I saw this recently:

"If one, G-d forbid, [is not careful to place the tefillin above his hairline and instead] puts the tefillin on his forehead, he is following a custom of the Karites, and has not fulfilled the mitzvah at all….and has said a bracha in vain." {Mishna Berura 27:33}

I had thought that the Karaites did not wear tefillin and interpreted the verse in the Torah as "figurative"?

  • Where did you get that from? Karaites take everything in the Torah as literally as possible.
    – DonielF
    Commented May 13, 2019 at 20:38
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    It may be that either the translator rendered this Mishnah Berurah as "Karaite" and that the original read "Sadducee" or that the author (the Chofetz Chaim) preferred to use Karaim as they are contemporary, rather than historical (considering that not everyone is learned and that contemporary examples would be more helpful to them) Commented May 13, 2019 at 21:24
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    @DonielF, according to my Karaite friends, one of whom has been working on a "Karaite 'Shulchan-Aruch'" some Karaim actually do use tefillin which otherwise fulfil all of the halachot Commented May 13, 2019 at 21:26
  • @DonielF judaism.stackexchange.com/a/94938/13438
    – Alex
    Commented May 13, 2019 at 21:27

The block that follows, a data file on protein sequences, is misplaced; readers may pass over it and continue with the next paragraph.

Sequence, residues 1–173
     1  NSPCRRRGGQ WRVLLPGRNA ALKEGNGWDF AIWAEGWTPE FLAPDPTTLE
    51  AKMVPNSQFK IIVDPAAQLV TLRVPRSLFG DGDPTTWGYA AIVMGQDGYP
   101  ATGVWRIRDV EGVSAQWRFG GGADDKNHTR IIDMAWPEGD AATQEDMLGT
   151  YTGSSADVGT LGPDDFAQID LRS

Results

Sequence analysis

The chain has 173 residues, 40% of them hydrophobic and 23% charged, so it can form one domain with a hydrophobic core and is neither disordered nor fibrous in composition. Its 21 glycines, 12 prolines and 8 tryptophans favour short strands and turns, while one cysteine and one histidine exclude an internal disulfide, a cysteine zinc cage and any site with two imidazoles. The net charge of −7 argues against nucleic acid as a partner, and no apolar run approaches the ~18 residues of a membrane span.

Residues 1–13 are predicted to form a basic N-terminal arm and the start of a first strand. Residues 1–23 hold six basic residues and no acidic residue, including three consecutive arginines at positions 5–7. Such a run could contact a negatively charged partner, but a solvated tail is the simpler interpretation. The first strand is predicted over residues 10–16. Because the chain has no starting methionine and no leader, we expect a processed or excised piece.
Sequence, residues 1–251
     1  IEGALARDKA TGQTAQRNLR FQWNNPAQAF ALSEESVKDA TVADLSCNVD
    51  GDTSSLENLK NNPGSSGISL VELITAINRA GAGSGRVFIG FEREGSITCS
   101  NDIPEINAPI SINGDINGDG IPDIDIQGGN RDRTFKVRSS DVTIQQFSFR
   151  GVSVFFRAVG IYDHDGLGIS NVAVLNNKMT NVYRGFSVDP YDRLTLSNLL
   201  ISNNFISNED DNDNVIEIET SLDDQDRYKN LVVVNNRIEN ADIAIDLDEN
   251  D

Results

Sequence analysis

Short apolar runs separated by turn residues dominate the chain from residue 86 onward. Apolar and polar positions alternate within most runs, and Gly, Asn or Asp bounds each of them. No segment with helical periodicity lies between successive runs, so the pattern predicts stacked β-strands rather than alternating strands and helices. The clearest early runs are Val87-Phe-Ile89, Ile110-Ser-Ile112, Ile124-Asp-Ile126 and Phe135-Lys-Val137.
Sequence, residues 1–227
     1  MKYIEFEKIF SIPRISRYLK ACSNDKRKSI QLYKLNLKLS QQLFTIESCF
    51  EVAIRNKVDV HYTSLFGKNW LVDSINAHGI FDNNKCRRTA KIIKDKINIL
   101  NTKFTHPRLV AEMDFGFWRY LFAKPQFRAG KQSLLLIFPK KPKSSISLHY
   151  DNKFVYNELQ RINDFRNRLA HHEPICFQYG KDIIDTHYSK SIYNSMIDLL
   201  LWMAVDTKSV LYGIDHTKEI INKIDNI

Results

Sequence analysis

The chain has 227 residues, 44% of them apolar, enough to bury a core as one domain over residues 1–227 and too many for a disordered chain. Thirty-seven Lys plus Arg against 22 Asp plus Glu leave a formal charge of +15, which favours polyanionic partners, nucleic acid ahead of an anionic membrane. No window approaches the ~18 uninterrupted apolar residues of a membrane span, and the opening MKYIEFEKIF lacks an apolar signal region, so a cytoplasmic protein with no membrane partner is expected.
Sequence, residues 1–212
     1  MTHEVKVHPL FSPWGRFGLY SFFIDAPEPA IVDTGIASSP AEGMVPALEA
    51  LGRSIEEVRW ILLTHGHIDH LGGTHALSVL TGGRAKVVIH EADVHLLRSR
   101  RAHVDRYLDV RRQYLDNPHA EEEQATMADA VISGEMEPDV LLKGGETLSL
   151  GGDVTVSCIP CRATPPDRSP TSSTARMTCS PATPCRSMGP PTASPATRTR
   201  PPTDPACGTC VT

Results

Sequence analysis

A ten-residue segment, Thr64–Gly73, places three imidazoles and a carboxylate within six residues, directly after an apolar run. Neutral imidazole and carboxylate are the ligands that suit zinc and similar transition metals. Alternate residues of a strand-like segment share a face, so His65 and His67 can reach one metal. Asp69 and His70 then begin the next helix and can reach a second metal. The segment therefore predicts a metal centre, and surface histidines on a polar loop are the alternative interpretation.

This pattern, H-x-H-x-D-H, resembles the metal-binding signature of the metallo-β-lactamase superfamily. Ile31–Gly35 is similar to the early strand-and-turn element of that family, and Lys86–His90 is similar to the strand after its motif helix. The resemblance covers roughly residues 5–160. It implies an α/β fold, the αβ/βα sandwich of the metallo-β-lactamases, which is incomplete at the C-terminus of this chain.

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    @DoneilF See this: "Karaite Jews do not wear tefillin in any form. According to Karaites, the Biblical passages cited for this practice are metaphorical, and mean to "remember the Torah always and treasure it". This is because the commandment in scripture is "And these words, which I command thee this day, shall be upon thy heart"… "And thou shalt bind them for a sign upon thy hand, and they shall be for forehead ornaments between thine eyes". (Deuteronomy 6:5,9) Since words cannot be on one's heart, or bound on one's hand, the entire passage is understood metaphorically." Commented May 13, 2019 at 21:38

3 Answers 3


There are different groups of Karaites, and the general rule is that all opinions are accepted and are subject to equal scrutiny. To quote from Karaite Korner's FAQ section: https://www.karaite-korner.org/karaite_faq.shtml

"If you interpret the Bible then don't you have your own Oral Law?

No. An Oral Law would imply that we claim that a given set of interpretations were bestowed upon us through a prophecy which was not included in the Hebrew Bible. Not only do we not make such a claim, but **we believe that every interpretation must stand up to the same objective scrutiny, regardless of its source**.

How can you have a community if everybody interprets the Bible themselves?

This is only a problem if we start off with intolerance. Karaites have learned to have tolerance of greatly varying interpretations as long as they are derived from sound principles of Biblical exegesis and only based on the Tanach. The reason for this tolerance is that we know that it is more important to do the right and moral thing than to do the same thing as everyone else."

Therefore, some Karaites wear Tefillin, some don't. The Torah only says to bind an "os" (sign) on your hand and a "totefos" between your eyes. Tefillin is the oral aspect of the same law. Since the Karaites reject being "bound" to oral law, they interpret as they wish, and in some cases go based on Rabbinic interpretation.

On the note of Tefillin, the same site Karaite Korner states that as a general rule, they don't wear Tefillin:

"Do Karaites wear Tefillin (phylacteries)?

No. See http://www.karaite-korner.org/tefillin.shtml

But I thought Karaites wear Tefillin between their eyes?